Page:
Recent Changes - Search:

G3 Wiki Read First

* HomePage

* What is Gauge 3?

How To Contribute Content

Contact Administrator


LATEST UPDATES:

* Build GWR dia. AA11 "Toad" from a kit

* Machining Steel Wheels

* Thermodynamics 201

Drawings

These are the most important part of G3 model making. Unfortunately the quality of some of the original drawings can only be described as DIRE and many of the ones that I own and have used have had to be re-drafted or manipulated digitally to get a workable drawing. The reason for this is simple and complex.... The original makers of the drawings assumed that you knew what you were doing. I have an LBSC plan for a steam cylinder that does not show any steam ports or steam chest ports. HG was not much better as he assumed that you would employ already existing equipment to do the job.

Beware of the A2 sheet of paper that says "Plans Full Size" because they won't be. They will have been originally printed on Double Elephant size paper which is larger. It has become common practice to use "scale to page size" option on laser printed documents. Thus all the sheets are A2 but not to full scale.

Modern drawings are of a higher standard but the draftsman may have mixed; fractional imperial, decimal imperial, metric, and ME thread values into the drawing.

Depending on your age and upbringing you may feel the need to convert some or all of the dimensions into values you can "see". Converting Fractional Imperial into Decimal Imperial is quite easy, however doing either of these to metric can be quite challenging -despite the fact that most materials sold nowadays are in metric dimensions.


You may be forced to produce your own drawings for your model based on a collection of photographs and (possibly) draft office file drawings from the builder.

This hopefully will give you some idea...

This is the NER 13, a prototype electric locomotive designed by Sir Vincent Raven. It was at the time very futuristic and incredibly powerful. It featured highly advanced thinking such as quill drive, bogie locking for stability at speed and variable resistor switching for power control.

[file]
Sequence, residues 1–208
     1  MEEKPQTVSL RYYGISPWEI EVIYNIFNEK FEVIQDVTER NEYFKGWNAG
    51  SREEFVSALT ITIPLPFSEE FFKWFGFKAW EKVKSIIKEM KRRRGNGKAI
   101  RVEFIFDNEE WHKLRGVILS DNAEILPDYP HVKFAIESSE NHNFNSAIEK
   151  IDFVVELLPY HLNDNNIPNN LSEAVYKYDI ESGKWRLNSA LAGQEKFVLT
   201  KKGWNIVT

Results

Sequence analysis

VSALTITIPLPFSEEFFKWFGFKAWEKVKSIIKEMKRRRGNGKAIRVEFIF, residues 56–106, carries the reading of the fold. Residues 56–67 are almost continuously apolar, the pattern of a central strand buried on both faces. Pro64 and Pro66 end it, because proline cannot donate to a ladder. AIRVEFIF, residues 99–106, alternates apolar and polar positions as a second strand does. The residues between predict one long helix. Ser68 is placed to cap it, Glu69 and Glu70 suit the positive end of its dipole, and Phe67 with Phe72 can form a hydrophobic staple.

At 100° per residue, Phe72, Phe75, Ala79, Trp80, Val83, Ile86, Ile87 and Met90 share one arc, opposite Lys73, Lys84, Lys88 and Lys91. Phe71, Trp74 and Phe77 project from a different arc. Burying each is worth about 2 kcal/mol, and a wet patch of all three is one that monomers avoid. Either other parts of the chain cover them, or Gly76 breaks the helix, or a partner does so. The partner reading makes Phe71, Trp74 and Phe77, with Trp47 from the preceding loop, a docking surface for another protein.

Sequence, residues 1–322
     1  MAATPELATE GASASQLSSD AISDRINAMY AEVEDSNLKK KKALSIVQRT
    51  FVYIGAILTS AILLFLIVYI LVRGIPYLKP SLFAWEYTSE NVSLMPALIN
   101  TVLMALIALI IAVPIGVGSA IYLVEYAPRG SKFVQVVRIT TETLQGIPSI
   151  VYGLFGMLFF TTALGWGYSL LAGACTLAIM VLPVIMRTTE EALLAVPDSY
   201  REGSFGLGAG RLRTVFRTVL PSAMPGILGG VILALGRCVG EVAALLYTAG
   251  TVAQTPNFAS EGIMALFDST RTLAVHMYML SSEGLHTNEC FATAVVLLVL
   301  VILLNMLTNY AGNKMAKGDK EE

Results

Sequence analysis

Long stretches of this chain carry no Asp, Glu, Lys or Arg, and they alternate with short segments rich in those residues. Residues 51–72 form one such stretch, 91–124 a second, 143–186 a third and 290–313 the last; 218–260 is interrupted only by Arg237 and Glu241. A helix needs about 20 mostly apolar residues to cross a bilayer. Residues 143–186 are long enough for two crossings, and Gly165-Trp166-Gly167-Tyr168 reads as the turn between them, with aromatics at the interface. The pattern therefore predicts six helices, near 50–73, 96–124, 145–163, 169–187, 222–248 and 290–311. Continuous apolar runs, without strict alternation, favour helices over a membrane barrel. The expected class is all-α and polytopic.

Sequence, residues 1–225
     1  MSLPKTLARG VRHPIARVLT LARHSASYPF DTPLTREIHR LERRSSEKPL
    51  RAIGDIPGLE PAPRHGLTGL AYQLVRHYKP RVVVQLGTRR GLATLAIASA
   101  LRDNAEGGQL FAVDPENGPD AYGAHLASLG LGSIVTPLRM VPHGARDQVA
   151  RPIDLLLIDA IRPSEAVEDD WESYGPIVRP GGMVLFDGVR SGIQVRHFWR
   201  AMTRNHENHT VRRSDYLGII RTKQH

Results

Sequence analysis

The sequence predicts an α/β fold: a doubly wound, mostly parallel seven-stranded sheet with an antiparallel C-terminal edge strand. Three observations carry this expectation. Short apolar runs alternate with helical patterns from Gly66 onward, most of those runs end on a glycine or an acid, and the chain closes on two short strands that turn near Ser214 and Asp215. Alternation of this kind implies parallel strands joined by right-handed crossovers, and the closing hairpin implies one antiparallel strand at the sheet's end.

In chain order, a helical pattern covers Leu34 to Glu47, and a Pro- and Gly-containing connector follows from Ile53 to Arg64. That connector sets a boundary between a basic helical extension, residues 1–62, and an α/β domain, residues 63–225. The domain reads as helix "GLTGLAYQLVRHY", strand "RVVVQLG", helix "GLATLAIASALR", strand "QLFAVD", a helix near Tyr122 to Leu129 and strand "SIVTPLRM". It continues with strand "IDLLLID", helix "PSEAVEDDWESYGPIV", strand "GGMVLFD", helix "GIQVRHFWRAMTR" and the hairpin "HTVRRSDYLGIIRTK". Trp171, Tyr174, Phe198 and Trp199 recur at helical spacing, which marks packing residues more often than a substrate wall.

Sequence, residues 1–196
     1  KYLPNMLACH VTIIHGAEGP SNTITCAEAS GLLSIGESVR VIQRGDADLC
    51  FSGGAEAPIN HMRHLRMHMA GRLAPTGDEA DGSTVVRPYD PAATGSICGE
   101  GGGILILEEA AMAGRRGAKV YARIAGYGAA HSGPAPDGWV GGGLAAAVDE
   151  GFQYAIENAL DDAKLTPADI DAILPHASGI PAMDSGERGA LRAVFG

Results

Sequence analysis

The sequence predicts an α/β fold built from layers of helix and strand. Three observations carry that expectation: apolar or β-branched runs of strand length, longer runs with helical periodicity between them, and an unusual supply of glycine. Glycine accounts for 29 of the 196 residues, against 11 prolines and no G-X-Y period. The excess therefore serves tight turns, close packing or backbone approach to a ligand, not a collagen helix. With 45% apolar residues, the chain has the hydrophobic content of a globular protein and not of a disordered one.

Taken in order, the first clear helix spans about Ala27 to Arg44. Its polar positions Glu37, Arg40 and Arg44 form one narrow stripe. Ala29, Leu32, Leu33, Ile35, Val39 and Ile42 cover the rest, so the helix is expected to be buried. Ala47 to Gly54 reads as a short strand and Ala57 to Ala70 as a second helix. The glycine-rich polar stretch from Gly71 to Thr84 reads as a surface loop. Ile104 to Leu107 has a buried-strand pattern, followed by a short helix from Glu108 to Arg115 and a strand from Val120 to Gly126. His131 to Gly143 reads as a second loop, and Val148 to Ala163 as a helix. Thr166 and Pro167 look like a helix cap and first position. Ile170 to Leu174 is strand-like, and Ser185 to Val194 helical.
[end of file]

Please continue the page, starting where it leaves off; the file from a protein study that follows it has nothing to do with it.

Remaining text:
Blue Print

Several photographs exist of this loco but these two are the basis of all the drawings. The first is a side shot showing the entire loco, buffer to buffer.


Side Profile

The shot was taken from a distance, thus there would be little spherical aberration causing the centre to bulge out. The second is a 3/4 shot again from a distance showing the Number 2 end (with the moustache), and the sides of the loco.


3/4 Profile

How to begin?

Your researches should have given you some basic facts such as height and length and the wheel sizes. The next step is to print out, at G3 scale if possible, the shot and then sit down with a ruler and dividers. Gradually you annotate the drawing with dimensions. The next step is to make your own drawing, whether you use pencil and paper or a mouse depends on personal preferences (I doodle on a draft tablet then mouse it on the computer).

There are several "CAD" programs around but I prefer to use a more simple "Draw" program. Which you use is again down to personal preferences, however the drawing below was done using "Open Office". (replaces page).

If you are going to produce a drawing for Laser cutting then you HAVE to produce a file in the AutoCad formats DWG or DXF. It is possible to export DWG and DXF format files to PDF. I normally do this when I e-mail the drawings to the laser cutter as this shows what I want and I can see the drawings without having to load my CAD program. Which CAD program you use is down to the Operating System of your computer. Most Windows PCs can handle AutoCAD and TurboCAD. If you have a MAC OSX system lower than Lion, then TurboCAD is your only option. Linux and UNIX based systems usually use dedicated commercial programs. The drawing below is an example of a converted DWG to PNG file produced on an iMAC using Snow Leopard and TurboCAD. (replaces page).

You may be the proud owner of a genuine drafts office assembly drawing that has suffered from years of neglect, or a scan nicely sent to you of one.... Normally the page will be covered with speckles and stains and some of the ink will have faded. So, how do you "rescue" the drawing to make it usable as a design document for your plans? The standard method of image rescue is a program called "GIMP" which is free. This enables you manipulate the image at up to 800% resolution and rub out or rewrite lines. This will take you a great deal of time but it is worth it in the end as you will have a master to work from. The image below is the "after" of the process. The original had a coffee cup ring stain, a few greasy thumb prints and what could be a sandwich order(?) scribbled on it. (replaces page).

This is a typical "before".... (replaces page).


Edit - History - Print - Recent Changes - Search
Page last modified on February 12, 2018, at 05:21 PM